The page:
2. The IRGC and its affiliated proxy militia must pull out of Syria, Iraq, and … or face the consequences of such a blacklisting.
3. Pressure on the IRGC in Syria will define into Bashar Assad and the Lebanese Hezbollah losing their support in Syria and Lebanon. The Houthis in Yemen and the Popular Mobilization Units in Iraq will face similar fates.
4. This will spell an end to the IRGC’s adventures in international waters, as its boats and ships can be confiscated and even attacked.
5. The IRGC terrorist designation will severely alter the region’s military balance, most likely ending Iran’s reach to various countries.
The main benefactor in such a scenario are Middle East nations who have suffered from IRGC-sponsored terrorism and their Quds Force elements for decades. This includes Syria, Iraq, Bahrain, Yemen, Kuwait and Saudi Arabia.
In this Sept. 21, 2016 file photo, an Emad long-range ballistic surface-to-surface missile is displayed by the Revolutionary Guard during a military parade, in front of the shrine of late revolutionary founder Ayatollah Khomeini, just outside Tehran, Iran. (AP)
The IRGC has been the main element behind oppressing social rallies and protests. The 2009 uprising was quelled only after the IRGC was dispatched into the city streets. A terrorist designation for the IRGC will inflict a severe blow to its members’ spirits in the face of popular demonstrations.
It is also an undeniable reality that a blacklisted IRGC will suffer major crises, a decrease in ranks and files, and lead to a loss of spirit. The defensive lines established in Damascus, Baghdad, Beirut and Sana’a must be transferred back to cities inside the country.
The Iranian people will most likely react to such a defeat for the IRGC and regain their readiness to pour into the streets whenever possible. The Iranian regime has enjoyed foreign support and the West’s highly flawed appeasement policy, allowing it rule with an iron fist and through atrocious human rights violations.
The IRGC’s terrorist designation will be considered the last nail in the coffin for the appeasement policy and foreign support.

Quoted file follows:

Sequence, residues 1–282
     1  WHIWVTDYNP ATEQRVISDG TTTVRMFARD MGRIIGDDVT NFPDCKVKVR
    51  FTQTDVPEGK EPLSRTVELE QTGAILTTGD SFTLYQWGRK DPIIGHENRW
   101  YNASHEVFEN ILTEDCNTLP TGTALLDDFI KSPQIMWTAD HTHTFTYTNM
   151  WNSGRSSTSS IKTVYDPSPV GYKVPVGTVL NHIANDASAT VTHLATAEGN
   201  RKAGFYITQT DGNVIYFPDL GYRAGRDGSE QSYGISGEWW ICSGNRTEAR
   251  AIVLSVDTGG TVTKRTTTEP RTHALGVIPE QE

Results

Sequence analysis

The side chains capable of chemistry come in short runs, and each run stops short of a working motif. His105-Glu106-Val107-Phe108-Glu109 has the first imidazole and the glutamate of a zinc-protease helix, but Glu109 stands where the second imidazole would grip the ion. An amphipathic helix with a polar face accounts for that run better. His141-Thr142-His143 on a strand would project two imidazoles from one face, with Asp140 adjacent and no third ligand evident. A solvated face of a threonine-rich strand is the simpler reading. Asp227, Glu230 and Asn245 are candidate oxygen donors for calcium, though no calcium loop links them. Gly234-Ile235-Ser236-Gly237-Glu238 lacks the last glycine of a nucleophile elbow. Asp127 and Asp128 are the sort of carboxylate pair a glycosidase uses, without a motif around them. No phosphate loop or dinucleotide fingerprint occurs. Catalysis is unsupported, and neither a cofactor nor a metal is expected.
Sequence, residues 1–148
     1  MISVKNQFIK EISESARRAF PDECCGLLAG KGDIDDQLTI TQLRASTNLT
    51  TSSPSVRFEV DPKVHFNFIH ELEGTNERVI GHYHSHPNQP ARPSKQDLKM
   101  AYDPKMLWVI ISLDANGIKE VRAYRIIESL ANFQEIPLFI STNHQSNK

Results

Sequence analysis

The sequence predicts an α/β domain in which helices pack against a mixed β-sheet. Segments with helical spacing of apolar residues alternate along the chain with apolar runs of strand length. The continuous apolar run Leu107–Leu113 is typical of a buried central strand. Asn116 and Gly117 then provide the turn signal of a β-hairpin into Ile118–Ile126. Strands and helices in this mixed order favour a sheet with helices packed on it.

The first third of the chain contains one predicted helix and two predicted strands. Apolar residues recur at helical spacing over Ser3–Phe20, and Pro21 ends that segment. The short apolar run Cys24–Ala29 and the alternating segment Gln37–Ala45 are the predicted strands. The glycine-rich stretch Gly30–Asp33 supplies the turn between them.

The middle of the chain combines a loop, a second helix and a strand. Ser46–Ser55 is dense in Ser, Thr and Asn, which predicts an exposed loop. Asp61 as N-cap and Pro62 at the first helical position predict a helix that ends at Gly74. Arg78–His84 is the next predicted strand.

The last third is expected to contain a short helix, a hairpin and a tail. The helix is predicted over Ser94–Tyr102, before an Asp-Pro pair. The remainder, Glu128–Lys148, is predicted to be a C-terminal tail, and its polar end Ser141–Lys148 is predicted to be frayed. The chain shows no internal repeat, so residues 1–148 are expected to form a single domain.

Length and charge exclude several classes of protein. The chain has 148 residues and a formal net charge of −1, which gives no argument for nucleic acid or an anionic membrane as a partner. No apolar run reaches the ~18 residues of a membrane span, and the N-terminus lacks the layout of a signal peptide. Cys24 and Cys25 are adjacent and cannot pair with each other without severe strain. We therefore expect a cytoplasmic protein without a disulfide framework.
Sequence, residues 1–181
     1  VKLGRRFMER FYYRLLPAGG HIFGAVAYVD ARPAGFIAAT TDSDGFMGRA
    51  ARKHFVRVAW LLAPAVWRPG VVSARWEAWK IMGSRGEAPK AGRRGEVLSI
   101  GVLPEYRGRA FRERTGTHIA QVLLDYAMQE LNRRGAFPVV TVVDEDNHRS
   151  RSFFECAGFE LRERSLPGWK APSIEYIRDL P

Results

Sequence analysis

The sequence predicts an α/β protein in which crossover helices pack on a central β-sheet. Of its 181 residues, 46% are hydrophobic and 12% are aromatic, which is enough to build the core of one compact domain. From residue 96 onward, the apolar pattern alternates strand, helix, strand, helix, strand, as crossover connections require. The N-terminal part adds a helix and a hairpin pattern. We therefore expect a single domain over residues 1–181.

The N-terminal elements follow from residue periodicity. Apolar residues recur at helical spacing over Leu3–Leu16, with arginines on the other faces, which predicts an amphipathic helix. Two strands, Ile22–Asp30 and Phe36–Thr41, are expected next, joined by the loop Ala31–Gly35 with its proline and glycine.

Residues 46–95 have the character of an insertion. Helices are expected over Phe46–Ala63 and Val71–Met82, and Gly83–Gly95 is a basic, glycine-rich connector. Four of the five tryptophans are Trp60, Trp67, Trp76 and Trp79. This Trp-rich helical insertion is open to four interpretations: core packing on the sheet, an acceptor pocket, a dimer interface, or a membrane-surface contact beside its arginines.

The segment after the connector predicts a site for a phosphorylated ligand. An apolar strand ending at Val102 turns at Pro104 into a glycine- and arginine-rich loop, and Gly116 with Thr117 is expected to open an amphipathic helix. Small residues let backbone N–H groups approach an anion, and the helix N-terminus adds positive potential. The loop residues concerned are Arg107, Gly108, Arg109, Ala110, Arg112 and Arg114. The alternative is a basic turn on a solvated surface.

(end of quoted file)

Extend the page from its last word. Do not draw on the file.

Fight against ISIS
The IRGC and affiliated militias playing any positive role in the fight against ISIS is nothing but a hoax and major deception. There is no doubt that ISIS is the offspring of the atrocious oppression of the nations of Iraq and Syria by the mullahs’ regime with the support of Bashar Assad and former Iraqi prime minister Nouri Maliki.
In an interview with Fox News in November 2014 then US Secretary of State John Kerry revealed how Assad facilitated the release of 1,500 prisoners, parallel to 1,000 by Maliki in Iraq, leading to the foundation of ISIS.
The positions and policies adopted by Maliki against Iraq’s Sunni community paved the path for the rise and growth of ISIS, according to former US ambassador to Iraq James Jeffrey. The Americans knew what Maliki was up to yet chose to take no action, Jeffrey added.
The Iraqi Parliament Research Committee specifically found Maliki responsible for ordering the evacuation of Mosul and leaving the city to ISIS.
Assad repeated a similar tactic in Syria, with the city of Palmyra being one very specific example. It seems as if everyone knows their role in exchanging Syria’s cities with each other. This leaves the West terrified and allows ISIS to launch attacks against Syrian opposition forces.
Iran has never sought the destruction of ISIS, as such an element provides the necessary pretext to continue its meddling and military presence in both Iraq and Syria.
One very interesting argument repeated by many government officials, senators and political/military experts, and repeated by many Arab leaders, is the indisputable fact that Daesh has launched terrorist attacks and killings in all countries, with the exception of Iran. This speaks of a specific cooperation, collaboration and/or unwritten agreement, to say the least.
Will Iran retaliate?
We cannot fundamentally cancel such a scenario. However, a defeated force will no longer be on the defensive and is forced to be on the defensive, especially on domestic issues.
The mullahs and the IRGC very well understand firm language. The Trump administration issued two warnings after the January 29th missile launch and Iran quickly cancelled a second ballistic missile test scheduled for February 3rd.
The IRGC blacklisting is a long overdue measure and Iran has been able to effectively take advantage of such a devastating hesitation seen in the West. The time has come to bring an end to such a drastic mistake and deliver the one message Iran will most definitely take very seriously, and truly crippling the mullahs in favor of the Iranian people’s ultimate interests.
To this end, the only party suffering from an IRGC terrorist designation will be the mullahs in Tehran.
Disclaimer: Views expressed by writers in this section are their own and do not reflect Al Arabiya English’s point-of-view.
Heshmat Alavi is a political and rights activist. His writing focuses on Iran, ranging from human rights violations, social crackdown, the regime’s support for terrorism and meddling in foreign countries, and the controversial nuclear program. He tweets at @HeshmatAlavi & blogs at IranCommentary.
Disclaimer - This author is writing under a pseudonym to protect his identity.SHOW MORE